This leads to two tradeoffs that together create a Defender’s Dilemma:
If you truly understand the power of strong cryptography, you understand why it is both so useful and, at the same time, why it is so difficult for average users to wield effectively.
This is why cryptography, for a very long time, was only wielded by the powerful, first by governments and then by corporations. It was only during the rise of the Internet that the average person would encounter any real personal benefits from cryptographic protocols such as HTTPS (which was once dependent on the Diffie-Hellman key exchange depicted in the video above).
It is not coincidental that the average person’s first interaction with distributed systems technology was the Internet. Distributed systems and cryptography are a natural fit for two reasons:
But what are distributed systems?
The Internet is in many ways a highly centralized system, but there are several truly distributed systems that operate within it. BitTorrent was just as distributed as any blockchain and laid the technical foundation for systems like Bitcoin. P2P protocols also bridged socially legitimate (distributing open-source software) and illegitimate (pirating) use cases, just as Bitcoin and other cryptocurrencies such as Monero or Zcash have done.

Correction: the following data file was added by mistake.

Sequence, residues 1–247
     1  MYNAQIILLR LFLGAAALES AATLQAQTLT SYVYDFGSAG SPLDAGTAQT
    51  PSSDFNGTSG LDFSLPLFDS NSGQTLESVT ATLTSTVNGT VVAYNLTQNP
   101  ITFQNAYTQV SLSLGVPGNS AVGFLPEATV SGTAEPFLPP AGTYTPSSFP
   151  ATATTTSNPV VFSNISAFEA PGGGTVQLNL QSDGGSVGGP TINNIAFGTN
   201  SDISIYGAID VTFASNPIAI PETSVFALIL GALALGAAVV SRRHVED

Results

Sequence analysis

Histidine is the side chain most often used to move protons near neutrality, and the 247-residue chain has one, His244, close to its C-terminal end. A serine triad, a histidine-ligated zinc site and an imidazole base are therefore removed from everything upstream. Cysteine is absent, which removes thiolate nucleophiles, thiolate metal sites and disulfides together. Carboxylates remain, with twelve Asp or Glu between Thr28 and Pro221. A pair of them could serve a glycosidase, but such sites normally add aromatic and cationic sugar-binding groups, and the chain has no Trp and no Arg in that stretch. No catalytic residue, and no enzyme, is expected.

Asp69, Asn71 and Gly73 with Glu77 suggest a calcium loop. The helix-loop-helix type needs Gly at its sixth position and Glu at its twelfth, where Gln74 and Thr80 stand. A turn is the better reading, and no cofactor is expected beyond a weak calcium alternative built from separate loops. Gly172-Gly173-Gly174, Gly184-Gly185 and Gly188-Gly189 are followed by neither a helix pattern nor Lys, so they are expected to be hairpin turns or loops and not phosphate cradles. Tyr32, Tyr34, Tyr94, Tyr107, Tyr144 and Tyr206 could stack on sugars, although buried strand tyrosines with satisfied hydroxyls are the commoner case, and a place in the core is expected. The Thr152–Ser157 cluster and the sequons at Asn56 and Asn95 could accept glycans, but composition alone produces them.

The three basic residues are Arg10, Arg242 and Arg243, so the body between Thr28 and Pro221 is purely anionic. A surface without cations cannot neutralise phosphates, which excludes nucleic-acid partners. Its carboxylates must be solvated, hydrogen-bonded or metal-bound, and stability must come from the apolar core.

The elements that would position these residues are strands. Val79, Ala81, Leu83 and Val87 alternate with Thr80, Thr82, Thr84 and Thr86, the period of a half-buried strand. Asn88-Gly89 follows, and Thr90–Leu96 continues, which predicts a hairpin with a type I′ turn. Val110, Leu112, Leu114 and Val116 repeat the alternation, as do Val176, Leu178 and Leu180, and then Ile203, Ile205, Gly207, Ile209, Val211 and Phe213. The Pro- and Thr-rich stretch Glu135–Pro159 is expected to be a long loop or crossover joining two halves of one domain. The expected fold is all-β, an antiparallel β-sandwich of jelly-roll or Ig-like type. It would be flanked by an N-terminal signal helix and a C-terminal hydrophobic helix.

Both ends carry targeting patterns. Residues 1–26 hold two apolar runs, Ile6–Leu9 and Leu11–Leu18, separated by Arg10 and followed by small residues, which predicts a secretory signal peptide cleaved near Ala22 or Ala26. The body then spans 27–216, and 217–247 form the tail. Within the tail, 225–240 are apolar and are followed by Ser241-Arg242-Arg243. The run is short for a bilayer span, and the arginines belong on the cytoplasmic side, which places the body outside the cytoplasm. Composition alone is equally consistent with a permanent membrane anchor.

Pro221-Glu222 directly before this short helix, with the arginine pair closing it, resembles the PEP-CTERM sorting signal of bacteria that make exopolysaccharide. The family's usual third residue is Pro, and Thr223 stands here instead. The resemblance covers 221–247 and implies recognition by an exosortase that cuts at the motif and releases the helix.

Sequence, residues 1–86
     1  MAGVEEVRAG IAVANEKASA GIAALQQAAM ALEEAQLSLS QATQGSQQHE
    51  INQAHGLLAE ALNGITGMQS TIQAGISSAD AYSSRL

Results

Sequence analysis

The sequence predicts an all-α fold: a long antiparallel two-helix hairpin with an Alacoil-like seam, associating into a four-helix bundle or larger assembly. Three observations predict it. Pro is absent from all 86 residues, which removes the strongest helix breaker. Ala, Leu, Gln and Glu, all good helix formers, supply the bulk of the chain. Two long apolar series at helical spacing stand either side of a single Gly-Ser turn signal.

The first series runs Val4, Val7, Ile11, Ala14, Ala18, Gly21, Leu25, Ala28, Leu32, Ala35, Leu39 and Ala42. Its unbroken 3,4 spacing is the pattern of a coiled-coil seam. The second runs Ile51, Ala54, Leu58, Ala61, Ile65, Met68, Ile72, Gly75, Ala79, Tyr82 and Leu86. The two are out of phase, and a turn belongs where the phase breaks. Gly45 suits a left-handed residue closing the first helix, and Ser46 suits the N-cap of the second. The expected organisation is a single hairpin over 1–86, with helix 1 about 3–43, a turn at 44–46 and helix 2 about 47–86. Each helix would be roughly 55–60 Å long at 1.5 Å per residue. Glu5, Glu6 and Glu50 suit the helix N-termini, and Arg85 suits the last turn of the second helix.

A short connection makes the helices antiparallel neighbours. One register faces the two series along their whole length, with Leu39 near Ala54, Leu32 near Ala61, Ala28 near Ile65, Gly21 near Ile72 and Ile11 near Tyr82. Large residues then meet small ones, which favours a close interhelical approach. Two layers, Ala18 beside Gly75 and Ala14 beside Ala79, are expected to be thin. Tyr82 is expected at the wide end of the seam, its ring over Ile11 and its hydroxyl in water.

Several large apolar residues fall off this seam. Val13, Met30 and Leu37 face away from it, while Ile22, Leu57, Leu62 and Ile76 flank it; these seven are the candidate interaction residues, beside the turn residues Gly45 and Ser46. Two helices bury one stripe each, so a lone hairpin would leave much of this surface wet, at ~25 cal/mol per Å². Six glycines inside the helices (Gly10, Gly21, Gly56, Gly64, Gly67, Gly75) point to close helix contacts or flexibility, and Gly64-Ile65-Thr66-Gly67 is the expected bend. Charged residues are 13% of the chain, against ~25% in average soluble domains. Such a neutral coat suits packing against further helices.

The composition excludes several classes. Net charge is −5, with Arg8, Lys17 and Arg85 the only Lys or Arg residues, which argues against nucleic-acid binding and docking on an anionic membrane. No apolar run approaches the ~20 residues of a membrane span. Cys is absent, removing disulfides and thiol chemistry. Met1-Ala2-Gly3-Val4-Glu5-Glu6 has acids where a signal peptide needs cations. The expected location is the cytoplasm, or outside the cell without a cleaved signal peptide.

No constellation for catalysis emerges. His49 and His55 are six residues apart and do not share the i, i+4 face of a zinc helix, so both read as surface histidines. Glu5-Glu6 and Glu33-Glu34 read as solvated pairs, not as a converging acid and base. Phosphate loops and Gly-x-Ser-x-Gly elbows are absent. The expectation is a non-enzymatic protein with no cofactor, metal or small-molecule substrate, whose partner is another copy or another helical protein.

Distributed systems have some clear strengths over their centralized counterparts. They are more robust than centralized systems because they usually have high amounts of built-in redundancy. They can operate at a larger scale and do more things at once since they are aggregating capacity and throughput across all their individual members.
But distributed systems also have to deal with inter-agent communication and coordination overhead that can sometimes make them slower or more unwieldy than their centralized counterparts. Trustless distributed systems such as Bitcoin, which are intended to operate in an adversarial environment, have additional overhead.
There is a famous result from distributed systems theory known as the CAP theorem, the essence of which is that the price we pay for the greater robustness and scale of distributed systems is that they have difficulty being 100% consistent about recent changes. They require some time for such changes to propagate and get stored throughout the network. This abstract theorem is the ultimate reason for crypto folk-wisdom such as, “Wait for six confirmations before you spend any funds from an incoming Bitcoin transaction.”
The screenshot below is from an online distributed systems simulator and shows a network in the middle of synchronizing data:
Many kinds of distributed systems adopt the common strategy of the append-only log: a continuously growing data structure that is only ever written to and never deleted from. These append-only logs give each agent within a distributed system a full copy of the global history or state of the system. This helps the agents self-verify and recover if they ever get “lost” or out-of-sync with the rest of the crowd.